I cannot file for BK Chapter 7 until Aug of 2016. In the meanwhile, I am starting to miss payments to some (not all) of my
4 attorney answers
I agree with Ms. Bunce. Just wait it out. Honestly tell the creditors that you've got nothing but Social Security income, so suing you is a waste of their time and money. Don't even file a BK next year. In very few scenarios would you benefit from filing a BK.
You can file a chapter 13 and propose to pay a small monthly plan payment until August of next year. At that point, provided no creditor has filed a motion to lift the automatic stay, you can voluntarily dismiss the chapter 13 and file a chapter 7. However, that is probably not your best option. Dorothy gave you your best option, unless there are some other facts that we have not heard.
You should take advantage of a free consultation with an experienced bankruptcy attorney to get a review of you financial picture and determine the best option. You can search for an attorney using the Avvo "Find a Lawyer" link at the top of this page.
Answers and comments provided are for general discussion only. My comments are not to be considered legal advice and they do not create an attorney-client relationship.
You cannot avoid being sued, but really, even if you are sued, what's a creditor going to do? They can't garnish your social security benefits (as long as you keep these benefits safe in a separate bank account). They can put a lien against your house, but you can remove this lien when you file your bankruptcy. Be sure to go to the county recorders office and record your Declaration of Homestead for $20. It will protect your home from a creditor seizure for up to $550,000 in equity. See link below for more information. Hope this perspective helps!
Answer all of the debtor inquiries. Answer the phone every time it rings...do not give them bank information. If you are sued the first thing you need to do if and when you get sued is file an Answer. The summons will tell you that you must “appear” by way of an Answer in 10, 20 or 30 days, “depending on the method of service.”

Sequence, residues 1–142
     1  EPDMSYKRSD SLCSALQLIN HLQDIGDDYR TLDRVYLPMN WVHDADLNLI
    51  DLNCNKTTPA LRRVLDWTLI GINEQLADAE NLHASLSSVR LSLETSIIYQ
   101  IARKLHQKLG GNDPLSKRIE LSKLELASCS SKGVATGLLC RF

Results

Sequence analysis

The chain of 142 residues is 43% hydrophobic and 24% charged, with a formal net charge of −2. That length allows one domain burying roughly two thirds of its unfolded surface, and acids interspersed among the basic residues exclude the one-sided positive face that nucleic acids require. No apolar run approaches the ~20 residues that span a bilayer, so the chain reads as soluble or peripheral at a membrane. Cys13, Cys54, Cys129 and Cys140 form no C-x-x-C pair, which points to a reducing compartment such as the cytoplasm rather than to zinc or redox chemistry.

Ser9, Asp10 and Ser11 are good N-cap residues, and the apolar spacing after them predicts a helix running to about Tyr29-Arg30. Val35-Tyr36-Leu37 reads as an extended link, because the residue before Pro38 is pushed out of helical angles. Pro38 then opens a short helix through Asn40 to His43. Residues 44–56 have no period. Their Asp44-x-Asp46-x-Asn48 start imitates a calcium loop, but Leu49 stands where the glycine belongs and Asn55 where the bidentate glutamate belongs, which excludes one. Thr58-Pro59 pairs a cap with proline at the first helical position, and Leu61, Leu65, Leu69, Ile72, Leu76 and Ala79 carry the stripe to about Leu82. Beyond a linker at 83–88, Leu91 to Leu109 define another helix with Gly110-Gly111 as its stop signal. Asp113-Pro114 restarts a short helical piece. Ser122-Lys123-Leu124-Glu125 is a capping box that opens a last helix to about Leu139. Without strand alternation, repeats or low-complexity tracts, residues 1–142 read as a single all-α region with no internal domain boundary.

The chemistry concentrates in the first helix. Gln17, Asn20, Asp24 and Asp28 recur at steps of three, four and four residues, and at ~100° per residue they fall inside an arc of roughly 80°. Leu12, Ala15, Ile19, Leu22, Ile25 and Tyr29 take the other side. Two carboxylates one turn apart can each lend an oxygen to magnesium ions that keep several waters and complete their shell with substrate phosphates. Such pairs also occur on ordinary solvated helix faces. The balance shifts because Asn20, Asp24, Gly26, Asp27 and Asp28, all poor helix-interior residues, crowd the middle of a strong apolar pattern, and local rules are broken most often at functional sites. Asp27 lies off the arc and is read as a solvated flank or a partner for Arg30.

PLEASE CHECK THE LAW IN YOUR STATE AS YOU MAY ACTUALLY HAVE TO APPEAR IN COURT, AS IN VIRGINIA, IN ORDER TO AVOID A DEFAULT!
You need a lawyer, but if you cannot afford one right away, rather than do nothing and have a judgment entered against you, is to “appear” by filing something!
Many people think this means they have to go to Court and this is incorrect. 90% of all lawsuits end in Default Judgments because the defendant (person getting sued) did not file an Answer.
I recommend you go to the free form I have on my website. Print it out and fill it out as instructed. You must answer the numbered paragraphs on the Complaint by writing them into the appropriate lines in the Answer. The Answer will allow you to preserve your rights and will prohibit a default judgment (i.e. you did not show up) from being entered against you.
Mimic the paperwork you got when you got sued. Answer all the paragraphs of the Complaint by writing the numbers in lines 1, 2 or 3.
Almost 100% of attorneys will deny what is owed because they did not do the calculations and do not know what the basis for the number is…
When you file the Answer that is your “not guilty”. You have the right to make the person suing you (Plaintiff) prove their case, but you must also answer the complaint truthfully.
Make sure you fill in the name and address of the attorney suing you before you bring this paperwork to the Court. Mail it to the attorney suing you right away!
Check out the guide I have drafted on the Avvo profile. This will provide more detailed instructions. If it is helpful remember to indicate that and get the guide read!
Disclaimer: This answer does not constitute legal advice. I am admitted in the States of New York, New Jersey and Massachusetts only and make no attempt to opine on matters of law that are not relevant to those three States. This advice is based on general principles of law that may or may not relate to your specific situation. Facts and laws change and these possible changes will affect the advice provided here. Consult an attorney in your locale before you act on any of this advice. You should not rely on this advice alone and nothing in these communications creates an attorney client relationship.